Eventually, Yong Sook’s entire family—spanning four generations—was exiled to a remote village where they were forced to work for the government. They now belonged to North Korea’s “hostile class.”

A train driver in North Korea

Suspended between heaven and earth

As Christians in the free world, we often take for granted the freedom to practice our faith. Unlike Yong Sook’s grandfather, we can freely read our Bibles in cafes. We can sing hymns of praise, even on the street. But on the other side of the world, our brothers and sisters in Christ whisper their prayers and hide their Bibles in the ground.

The extreme measures Christians take to not be discovered—as well as the extreme punishments they endure if they are discovered—are horrific reminders of Jesus' words that the world will hate His disciples (John 15:18).

Weeks after his miraculous conversion, as Paul preached the gospel in the synagogue, Jewish leaders conspired to kill him. Acts 9 tells us that day and night, they kept close watch on the Damascus city gates to kill Paul. But Paul learned of their plan and under cover of night, his followers lowered him in a basket through an opening in the wall.

In many similar ways, our North Korean family, like Yong Sook’s grandfather, live suspended between heaven and earth—facing a daily struggle to survive and live out the gospel against a backdrop of fear and uncertainty. Just as Paul did throughout his ministry, North Korean secret believers embody earthly suffering while their hearts echo with the promise of Heaven, and they must weigh their lives in how they live out their faith. Yong Sook’s grandfather was never the same after his lie; but it’s not difficult to see the impossible situation he was in.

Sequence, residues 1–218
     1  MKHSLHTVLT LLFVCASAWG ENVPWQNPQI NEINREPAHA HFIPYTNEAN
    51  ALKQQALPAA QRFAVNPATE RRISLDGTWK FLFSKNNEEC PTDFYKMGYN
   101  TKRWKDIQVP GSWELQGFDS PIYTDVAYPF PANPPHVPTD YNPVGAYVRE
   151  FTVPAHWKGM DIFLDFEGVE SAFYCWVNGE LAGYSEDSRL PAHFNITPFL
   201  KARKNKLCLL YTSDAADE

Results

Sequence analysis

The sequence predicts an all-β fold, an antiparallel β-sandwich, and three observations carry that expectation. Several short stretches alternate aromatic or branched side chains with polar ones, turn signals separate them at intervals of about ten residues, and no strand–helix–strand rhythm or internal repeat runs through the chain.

“The Father’s love is amazing. I want to walk this way of faith and obey even to death.”

North Korean believer
North Korean Christians risk everything to follow Jesus. Sometimes, the stories have endings like Yong Sook’s family. But other times, believers are able to fly under the radar, worshiping the God they know makes them vulnerable to their government. But it’s worth it. In the words of a North Korean Christian: “The Father’s love is amazing. We are the debtors of His love. I want to walk this way of faith and obey even to death. Tell God’s people—who are running and running to help us—that we will practice the love of the Father here, in North Korea.”

Through secret networks, Open Doors secret partners are helping around 100,000 North Korean believers by providing vital food and aid, shelter and discipleship training for North Korean refugees at safe houses, and training through radio broadcasting from outside the country.

*Note: This is a composite story based on the testimonies we’ve heard from other North Korean believers.
please pray
  • For the safety and protection of Christians in North Korea.
  • Pray for the underground churches to remain steadfast and that the faith of believers will grow stronger amidst persecutions.
  • Pray for the safety of our local partners as they minister and help believers who manage to leave the country.
  • Pray for a strong harvest of crops and that our family would have food to survive and share with others.
  • Pray that North Koreans will open their eyes to believe Jesus is the way and the truth and the life.
  • Pray that North Korea’s underground church would be prepared to disciple their family and friends when the country opens up.

The latest World Watch List is released on 17 January, and findings from the report – together with first-hand stories from persecuted Christians. Mark your calendar and share with your church, so we can make a difference for our persecuted family together.